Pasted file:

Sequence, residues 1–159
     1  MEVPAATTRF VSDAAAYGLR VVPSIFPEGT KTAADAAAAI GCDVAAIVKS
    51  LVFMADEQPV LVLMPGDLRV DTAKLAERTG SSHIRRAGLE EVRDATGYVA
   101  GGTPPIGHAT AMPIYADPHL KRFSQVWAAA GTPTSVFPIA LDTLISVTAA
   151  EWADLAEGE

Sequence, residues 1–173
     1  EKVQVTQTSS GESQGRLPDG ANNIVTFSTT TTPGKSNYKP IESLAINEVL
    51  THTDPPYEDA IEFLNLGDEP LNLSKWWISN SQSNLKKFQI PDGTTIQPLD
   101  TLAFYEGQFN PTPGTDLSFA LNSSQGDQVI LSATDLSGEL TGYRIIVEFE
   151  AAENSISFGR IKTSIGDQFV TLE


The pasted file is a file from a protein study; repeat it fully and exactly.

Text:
Sequence, residues 1–159
     1  MEVPAATTRF VSDAAAYGLR VVPSIFPEGT KTAADAAAAI GCDVAAIVKS
    51  LVFMADEQPV LVLMPGDLRV DTAKLAERTG SSHIRRAGLE EVRDATGYVA
   101  GGTPPIGHAT AMPIYADPHL KRFSQVWAAA GTPTSVFPIA LDTLISVTAA
   151  EWADLAEGE

Sequence, residues 1–173
     1  EKVQVTQTSS GESQGRLPDG ANNIVTFSTT TTPGKSNYKP IESLAINEVL
    51  THTDPPYEDA IEFLNLGDEP LNLSKWWISN SQSNLKKFQI PDGTTIQPLD
   101  TLAFYEGQFN PTPGTDLSFA LNSSQGDQVI LSATDLSGEL TGYRIIVEFE
   151  AAENSISFGR IKTSIGDQFV TLE